Based on the play by RC Sherriff, which will be familiar to many British school students, this film has just opened to a limited release in the US and I was lucky enough to find a showing of it. As someone who has taught WWI literature, I was keen to see what a new film adaptation of this beloved play would be like. When I heard about the cast; my interest was piqued further. Even though I am very  much the target audience for such a film, it still managed to exceed my expectations.

Sam Claflin stars as Captain Stanhope, who is dealing with the trauma of war by drinking through it. The ‘peace’ he has managed to find for himself in doing this is disrupted when an old school friend, the extremely green and naive Raleigh (Asa Butterfield) arrives and specifically requests to be assigned to Stanhope’s unit. Despite appearing to be about 15, Raleigh is an officer, so is bunked in extremely close quarters with the older, more experienced Osborne (Paul Bettany), Trotter (Stephen Graham) and Hibbert (Tom Sturridge). There, they are waited on by Mason (Toby Jones), who does what he can to turn the meagre rations into fine feasts for the officers. Almost the entire film takes place in this tiny officer’s bunk and the trench on the frontlines in 1918, giving the film a claustrophobic quality. The tedium combined with unbearable tension is skilfully conveyed by the production design and the acting, which is phenomenal.

Sam Claflin was in two of my favourite films of last year – ‘Their Finest’ (his second collaboration with director Lone Scherfig after the excellent ‘Riot Club’) and ‘My Cousin Rachel’ and he is quickly becoming an actor who can be relied upon to give interesting and layered performances. Asa Butterfield has been a child/teen actor around for some time now; in the underrated ‘Hugo’ (one of my favourite Scorcese films) and in the unfairly overlooked ‘Miss Peregrine’s Home for Peculiar Children’ (Burton’s 2016 film). He is perfectly cast here as Raleigh, looking like he’s just been plucked from his boarding school dorm and dropped into the hell of war; completely unprepared for what he’s about to face. Having only really seen Bettany in red make-up and a tight-fitting silver suit for the last few years (as Vision in the MCU), it is refreshing to see him getting to stretch his acting muscles again. He is sublime here, in what could be a boring, ‘good guy’ role. Osborne is the only thing keeping Stanhope from spiralling off the rails completely – his stillness centres and his steadiness grounds Stanhope, tethering him to the reality of leading his men. Stephen Graham is absolutely the best (along with Vicky McClure and Joe Gilgun) that British acting has to offer the world at the moment. Some highlights from the prolific actor are ‘Taboo’, ‘Boardwalk Empire’ and the ‘This is England’ film and TV series and he is insanely good in each one. Trotter is the only working class man in the officer’s bunk and his cheery demeanour is in stark contrast to Hibbert, who is suffering from shell-shock and on the verge of deserting.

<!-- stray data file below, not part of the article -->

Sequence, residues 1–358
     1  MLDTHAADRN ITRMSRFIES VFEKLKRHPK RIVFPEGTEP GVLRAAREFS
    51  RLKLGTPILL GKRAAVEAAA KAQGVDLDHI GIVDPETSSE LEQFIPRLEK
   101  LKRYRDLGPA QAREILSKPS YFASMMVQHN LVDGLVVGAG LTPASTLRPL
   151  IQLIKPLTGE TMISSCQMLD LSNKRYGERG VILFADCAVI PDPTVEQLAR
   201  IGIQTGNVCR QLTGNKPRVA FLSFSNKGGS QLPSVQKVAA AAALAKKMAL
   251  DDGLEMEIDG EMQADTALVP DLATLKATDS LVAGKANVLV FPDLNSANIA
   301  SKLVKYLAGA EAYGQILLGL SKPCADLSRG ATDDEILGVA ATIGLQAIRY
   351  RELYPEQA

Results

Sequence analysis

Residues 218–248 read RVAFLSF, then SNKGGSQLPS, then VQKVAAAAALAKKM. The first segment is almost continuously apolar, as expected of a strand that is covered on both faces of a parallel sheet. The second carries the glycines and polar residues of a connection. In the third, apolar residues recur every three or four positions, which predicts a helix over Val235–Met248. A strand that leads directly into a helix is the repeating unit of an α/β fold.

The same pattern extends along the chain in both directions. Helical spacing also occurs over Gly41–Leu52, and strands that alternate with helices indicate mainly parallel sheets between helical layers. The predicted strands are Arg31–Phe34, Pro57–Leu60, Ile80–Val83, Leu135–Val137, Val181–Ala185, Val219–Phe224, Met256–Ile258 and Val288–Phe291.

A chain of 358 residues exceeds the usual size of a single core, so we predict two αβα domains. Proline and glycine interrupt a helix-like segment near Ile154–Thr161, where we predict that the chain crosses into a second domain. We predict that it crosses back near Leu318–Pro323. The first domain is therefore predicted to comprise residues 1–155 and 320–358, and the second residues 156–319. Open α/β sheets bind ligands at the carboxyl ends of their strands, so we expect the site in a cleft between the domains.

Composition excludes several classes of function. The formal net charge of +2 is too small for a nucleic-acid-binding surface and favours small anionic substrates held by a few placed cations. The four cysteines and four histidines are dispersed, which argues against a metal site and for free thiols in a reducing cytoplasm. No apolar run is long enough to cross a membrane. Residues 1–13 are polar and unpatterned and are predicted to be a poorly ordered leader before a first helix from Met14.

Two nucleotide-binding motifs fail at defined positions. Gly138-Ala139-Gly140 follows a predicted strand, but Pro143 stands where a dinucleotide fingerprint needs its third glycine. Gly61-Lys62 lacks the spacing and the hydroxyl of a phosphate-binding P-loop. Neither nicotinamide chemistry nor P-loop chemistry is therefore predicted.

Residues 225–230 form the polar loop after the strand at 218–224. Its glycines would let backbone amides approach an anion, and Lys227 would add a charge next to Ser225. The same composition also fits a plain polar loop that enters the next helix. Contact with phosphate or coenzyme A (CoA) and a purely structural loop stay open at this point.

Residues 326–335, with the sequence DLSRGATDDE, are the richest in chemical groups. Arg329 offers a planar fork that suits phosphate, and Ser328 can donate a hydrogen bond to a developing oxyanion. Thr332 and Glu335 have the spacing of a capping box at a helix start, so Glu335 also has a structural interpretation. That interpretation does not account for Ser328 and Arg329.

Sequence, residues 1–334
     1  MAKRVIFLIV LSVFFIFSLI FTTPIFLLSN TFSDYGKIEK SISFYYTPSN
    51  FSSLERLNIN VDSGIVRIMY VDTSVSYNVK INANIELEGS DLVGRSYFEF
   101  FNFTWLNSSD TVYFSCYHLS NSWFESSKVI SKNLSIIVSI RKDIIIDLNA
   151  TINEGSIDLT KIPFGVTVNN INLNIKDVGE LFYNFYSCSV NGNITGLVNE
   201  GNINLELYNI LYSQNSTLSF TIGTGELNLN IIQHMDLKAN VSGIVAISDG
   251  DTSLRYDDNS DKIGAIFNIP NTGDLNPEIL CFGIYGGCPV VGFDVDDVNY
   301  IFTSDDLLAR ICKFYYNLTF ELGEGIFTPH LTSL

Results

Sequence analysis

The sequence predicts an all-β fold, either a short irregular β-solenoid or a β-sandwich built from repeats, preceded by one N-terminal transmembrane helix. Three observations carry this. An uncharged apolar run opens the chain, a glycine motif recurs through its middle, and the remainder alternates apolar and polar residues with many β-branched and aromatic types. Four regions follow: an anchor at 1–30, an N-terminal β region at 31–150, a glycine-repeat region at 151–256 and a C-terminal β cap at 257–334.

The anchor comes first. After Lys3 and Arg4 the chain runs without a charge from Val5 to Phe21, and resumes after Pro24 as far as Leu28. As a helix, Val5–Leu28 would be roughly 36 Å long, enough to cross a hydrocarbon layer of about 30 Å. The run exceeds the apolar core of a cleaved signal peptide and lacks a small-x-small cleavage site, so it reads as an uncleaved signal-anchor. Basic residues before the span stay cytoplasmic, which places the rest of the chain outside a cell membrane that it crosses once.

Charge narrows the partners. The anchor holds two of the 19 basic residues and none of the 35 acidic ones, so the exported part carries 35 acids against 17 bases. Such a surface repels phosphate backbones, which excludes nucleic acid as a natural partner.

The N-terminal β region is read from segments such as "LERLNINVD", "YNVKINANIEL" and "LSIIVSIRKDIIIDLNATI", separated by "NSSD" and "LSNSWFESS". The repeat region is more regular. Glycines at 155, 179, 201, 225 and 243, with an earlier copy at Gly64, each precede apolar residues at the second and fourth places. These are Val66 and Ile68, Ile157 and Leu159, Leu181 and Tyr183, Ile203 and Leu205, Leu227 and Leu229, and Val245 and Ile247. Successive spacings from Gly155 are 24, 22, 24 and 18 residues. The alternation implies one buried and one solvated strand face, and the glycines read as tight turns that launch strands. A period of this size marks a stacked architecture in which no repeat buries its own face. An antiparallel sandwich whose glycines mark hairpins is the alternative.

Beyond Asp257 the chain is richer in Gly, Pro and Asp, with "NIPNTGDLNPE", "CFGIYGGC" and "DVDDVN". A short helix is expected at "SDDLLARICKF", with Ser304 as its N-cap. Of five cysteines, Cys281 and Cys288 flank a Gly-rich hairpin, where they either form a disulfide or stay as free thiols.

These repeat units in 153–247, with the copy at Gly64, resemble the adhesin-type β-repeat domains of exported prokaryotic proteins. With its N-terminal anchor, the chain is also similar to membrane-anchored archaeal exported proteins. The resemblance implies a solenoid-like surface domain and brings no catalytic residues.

Raleigh’s arrival on the frontlines is particularly worrying for Stanhope because his ‘sweetheart’ is Raleigh’s older sister Margaret. He is paranoid that she will get wind of what war has done to him and that he is a shell of his former self. It is slightly laughable that Claflin is supposed to be 3 years older than Butterfield (when the age-gap is in fact nearly 10 years). However, the physical contrast between the two works well to amplify the gulf between them; Raleigh is fresh-faced and Stanhope is broken. The film does an incredible job of portraying the everyday reality of war (admittedly mainly from the officers’ perspective). Their lives revolve around food, tea (even if it’s a bit oniony), cigarettes (or Osborne’s beloved pipe) and for Stanhope: whiskey. They spend their days waiting for their orders – when will they have to go on a raid, or will this finally be the day that the Germans attack? Despite his rank, Captain Stanhope has no control over the fate that will befall his men, he can only try to prepare them as best he can. As with any artwork about the First World War, futility is always going to be a main theme; something keenly felt by Hibbert. What is the point in doing anything when you are all going to die anyway and your death will have served no purpose? It is impossible not to experience anything to do with WWI and not come away feeling sick and angry about it. It goes without saying that the ending of ‘Journey’s End’ is devastating. It could end no other way.

I hope that as many people as possible in the US seek this film out on its limited release (I believe that is has pretty much left UK cinemas now). There is no doubt in mind that this film will be used widely in history and English lessons in the UK and they are fortunate to have such a good film as an educational tool. I was expecting to be interested in this movie, but not to be blown away on the level that I was. This is the film of the year so far for me and I urge you to find a way to watch it.

Directed by: Saul Dibb
Starring: Sam Claflin, Paul Bettany, Asa Butterfield, Stephen Graham, Toby Jones